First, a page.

Results 1 to 12 of 12
  1. #1
    Join Date
    Sep 2008
    Posts
    4

    Cracked Converter

    I have an 11 year old Tempstar 2 ton gas / electric package unit, which provides heat and ac to the downstairs of our house (1,500 sq downstairs). It has a leak in the condenser and cracks in the converter. I will be replacing it in the near future, but want to know if I can hold off till spring.

    I was told the cracks in the converter let carbon monoxide escape. One technician said that since the unit is outside, there is no risk to carbon monoxide poisoning in the house. Another said that it could get into the house and it should be replaced immediately.

    Any clarification that you can provide would be appreciated.

    Thanks, Ken

  2. #2
    Join Date
    Aug 2008
    Location
    Burlington , Mass
    Posts
    470
    When you say "converter' , do you mean the "heat exchanger" ? If so, dont even turn the heat on.

  3. #3
    Join Date
    Jul 2006
    Location
    NW burbs of Detroit
    Posts
    6,058
    Assuming you mean heat exchanger since you voiced concern about co getting into home.

    There are a couple different schools of thought on weather to its a problem or not.

    My personal position is if you have ceacks that measureable amount seeping thru then I would err on the side of caution and replace ASAP.

    You never know when a small crack will become a big one, big enough to cause co to move into a home.

  4. #4
    Join Date
    Dec 2007
    Posts
    96
    The only thing waiting will do is create a very dangerous situation for you and whoever lives in the home during the winter. Also equipment is only going up in price so you will pay more in the spring. Take advantage of someones interest free financing if the budget is too tight right now.

  5. #5
    Join Date
    Sep 2008
    Posts
    4

    Thanks

    I appreciate the input. I understand that picking the installer is the most important choice, but are there any impartial rankings on the quality of the major product lines? I'm looking at a 13 or 14 seer unit. Possibly a flex fuel. Mainly looking between Trane, Lennox, Carrier and Rheem.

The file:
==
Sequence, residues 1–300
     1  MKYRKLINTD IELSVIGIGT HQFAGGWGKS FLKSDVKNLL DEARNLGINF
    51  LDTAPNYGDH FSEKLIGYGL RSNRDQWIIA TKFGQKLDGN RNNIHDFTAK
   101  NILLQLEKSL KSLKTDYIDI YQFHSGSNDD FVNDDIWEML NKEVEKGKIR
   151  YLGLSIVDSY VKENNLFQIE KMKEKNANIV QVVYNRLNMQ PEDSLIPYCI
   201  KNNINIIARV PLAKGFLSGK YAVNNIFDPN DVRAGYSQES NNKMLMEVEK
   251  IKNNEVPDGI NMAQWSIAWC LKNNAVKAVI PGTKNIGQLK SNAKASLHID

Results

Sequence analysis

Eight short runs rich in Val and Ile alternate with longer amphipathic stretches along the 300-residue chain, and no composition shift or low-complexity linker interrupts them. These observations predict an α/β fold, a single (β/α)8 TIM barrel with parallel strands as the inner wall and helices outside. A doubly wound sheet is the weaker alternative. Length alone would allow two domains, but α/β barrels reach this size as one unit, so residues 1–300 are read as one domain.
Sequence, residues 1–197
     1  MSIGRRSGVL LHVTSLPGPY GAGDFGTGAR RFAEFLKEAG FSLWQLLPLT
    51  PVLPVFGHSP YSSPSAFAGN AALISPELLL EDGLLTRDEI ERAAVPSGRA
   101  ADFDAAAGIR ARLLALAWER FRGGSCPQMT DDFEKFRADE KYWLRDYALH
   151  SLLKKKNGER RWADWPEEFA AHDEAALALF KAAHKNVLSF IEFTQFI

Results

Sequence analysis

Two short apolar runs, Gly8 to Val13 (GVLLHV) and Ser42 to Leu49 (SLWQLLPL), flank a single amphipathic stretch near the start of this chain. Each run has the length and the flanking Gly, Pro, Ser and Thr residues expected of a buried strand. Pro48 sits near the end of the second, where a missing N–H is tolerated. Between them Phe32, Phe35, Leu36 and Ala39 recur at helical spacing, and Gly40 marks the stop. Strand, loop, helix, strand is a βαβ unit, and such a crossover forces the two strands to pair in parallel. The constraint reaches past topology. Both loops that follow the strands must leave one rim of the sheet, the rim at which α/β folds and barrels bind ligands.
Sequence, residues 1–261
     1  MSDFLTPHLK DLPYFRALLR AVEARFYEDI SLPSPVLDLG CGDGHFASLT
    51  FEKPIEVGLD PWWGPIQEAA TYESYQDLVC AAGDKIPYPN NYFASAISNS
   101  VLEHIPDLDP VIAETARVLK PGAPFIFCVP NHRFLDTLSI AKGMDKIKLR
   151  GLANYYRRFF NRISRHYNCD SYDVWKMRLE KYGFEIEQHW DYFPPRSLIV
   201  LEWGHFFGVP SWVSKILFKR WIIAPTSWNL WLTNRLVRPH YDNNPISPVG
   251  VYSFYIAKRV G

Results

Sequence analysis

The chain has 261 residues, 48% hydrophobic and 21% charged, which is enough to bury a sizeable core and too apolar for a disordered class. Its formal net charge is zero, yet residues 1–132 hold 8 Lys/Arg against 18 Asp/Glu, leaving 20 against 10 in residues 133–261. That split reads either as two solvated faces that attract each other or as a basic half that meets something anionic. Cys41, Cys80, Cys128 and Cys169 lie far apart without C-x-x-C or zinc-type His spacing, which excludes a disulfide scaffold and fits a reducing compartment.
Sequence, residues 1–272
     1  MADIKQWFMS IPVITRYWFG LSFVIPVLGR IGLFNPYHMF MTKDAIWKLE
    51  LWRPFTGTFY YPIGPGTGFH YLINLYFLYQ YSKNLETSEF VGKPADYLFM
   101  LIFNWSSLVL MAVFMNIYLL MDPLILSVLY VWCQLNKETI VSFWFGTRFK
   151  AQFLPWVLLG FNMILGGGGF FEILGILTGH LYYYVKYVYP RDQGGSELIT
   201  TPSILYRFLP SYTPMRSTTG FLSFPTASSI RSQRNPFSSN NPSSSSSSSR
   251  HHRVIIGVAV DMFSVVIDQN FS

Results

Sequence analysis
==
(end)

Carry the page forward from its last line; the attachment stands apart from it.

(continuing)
Thanks.

  6. #6
    Join Date
    Feb 2008
    Location
    Altmar, New York, United States
    Posts
    4,803
    what is a flex fuel?

  7. #7
    Join Date
    Jun 2007
    Location
    The Twilight Zone
    Posts
    2,964
    Quote Originally Posted by snupytcb View Post
    what is a flex fuel?
    Fuel that bends.

  8. #8
    Join Date
    Sep 2008
    Posts
    4

    flex fuel / hybrid

    These package systems (I know Carrier and Trane both carry them), have electric for A/C. But for Heat, instead of using all gas, they use electric down to a certain temp (which I believe can be adjusted - heard it called the balance point) and then use gas under that temp.

  9. #9
    Join Date
    Dec 2007
    Posts
    96
    A duel-fuel package unit would probably be a good choice but expect to pay more upfront. Over the life of the unit it should easily pay for itself and put money in your pocket. 13 or 14 seer are fine in my opinion. Pick yourself a good installer, make sure they size the unit properly and good luck. Also have ductwork looked at.

  10. #10
    Join Date
    Dec 2007
    Posts
    96
    sorry, dual fuel package unit is what I meant to say. These are also referred to as hybrid.

  11. #11
    Join Date
    Sep 2008
    Posts
    4

    Trane, Lennox, Carrier vs Rheem

    Any thoughts on Trane, Lennox, Carrier vs Rheem?

  12. #12
    Join Date
    Apr 2008
    Location
    il
    Posts
    19
    go with a york modulating best furnace i have installed and or worked on

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